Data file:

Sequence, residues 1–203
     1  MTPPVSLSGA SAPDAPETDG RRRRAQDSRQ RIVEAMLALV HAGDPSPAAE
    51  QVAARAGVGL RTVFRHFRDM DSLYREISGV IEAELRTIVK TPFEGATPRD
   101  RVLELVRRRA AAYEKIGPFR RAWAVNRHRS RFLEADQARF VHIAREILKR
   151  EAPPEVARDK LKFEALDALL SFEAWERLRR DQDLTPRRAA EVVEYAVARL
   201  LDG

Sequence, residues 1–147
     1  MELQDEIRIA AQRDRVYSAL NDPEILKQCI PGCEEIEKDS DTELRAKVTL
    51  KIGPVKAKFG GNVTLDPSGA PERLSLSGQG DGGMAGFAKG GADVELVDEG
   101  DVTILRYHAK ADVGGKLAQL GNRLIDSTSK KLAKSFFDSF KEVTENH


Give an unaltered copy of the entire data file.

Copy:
Sequence, residues 1–203
     1  MTPPVSLSGA SAPDAPETDG RRRRAQDSRQ RIVEAMLALV HAGDPSPAAE
    51  QVAARAGVGL RTVFRHFRDM DSLYREISGV IEAELRTIVK TPFEGATPRD
   101  RVLELVRRRA AAYEKIGPFR RAWAVNRHRS RFLEADQARF VHIAREILKR
   151  EAPPEVARDK LKFEALDALL SFEAWERLRR DQDLTPRRAA EVVEYAVARL
   201  LDG

Sequence, residues 1–147
     1  MELQDEIRIA AQRDRVYSAL NDPEILKQCI PGCEEIEKDS DTELRAKVTL
    51  KIGPVKAKFG GNVTLDPSGA PERLSLSGQG DGGMAGFAKG GADVELVDEG
   101  DVTILRYHAK ADVGGKLAQL GNRLIDSTSK KLAKSFFDSF KEVTENH